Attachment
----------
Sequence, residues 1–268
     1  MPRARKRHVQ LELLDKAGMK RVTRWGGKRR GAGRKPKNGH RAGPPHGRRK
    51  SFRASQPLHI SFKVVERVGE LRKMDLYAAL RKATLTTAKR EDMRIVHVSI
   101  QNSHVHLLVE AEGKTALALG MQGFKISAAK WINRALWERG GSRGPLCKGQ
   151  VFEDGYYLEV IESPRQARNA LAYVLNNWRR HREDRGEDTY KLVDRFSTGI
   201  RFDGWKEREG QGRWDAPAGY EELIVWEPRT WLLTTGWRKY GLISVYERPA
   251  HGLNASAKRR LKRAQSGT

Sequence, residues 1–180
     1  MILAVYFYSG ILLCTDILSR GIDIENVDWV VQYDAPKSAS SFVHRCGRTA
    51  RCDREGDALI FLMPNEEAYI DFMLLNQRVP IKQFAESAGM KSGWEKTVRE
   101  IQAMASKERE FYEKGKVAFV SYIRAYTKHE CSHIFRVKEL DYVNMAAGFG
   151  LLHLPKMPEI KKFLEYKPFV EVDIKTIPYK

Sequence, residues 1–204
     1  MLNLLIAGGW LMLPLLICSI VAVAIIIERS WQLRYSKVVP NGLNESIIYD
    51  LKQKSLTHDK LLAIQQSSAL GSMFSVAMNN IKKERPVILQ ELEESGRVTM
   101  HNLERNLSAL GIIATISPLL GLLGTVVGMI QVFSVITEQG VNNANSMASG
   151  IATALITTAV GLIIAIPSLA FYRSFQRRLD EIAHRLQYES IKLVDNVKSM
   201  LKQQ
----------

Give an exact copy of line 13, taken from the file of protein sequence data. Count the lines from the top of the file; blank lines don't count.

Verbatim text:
Sequence, residues 1–204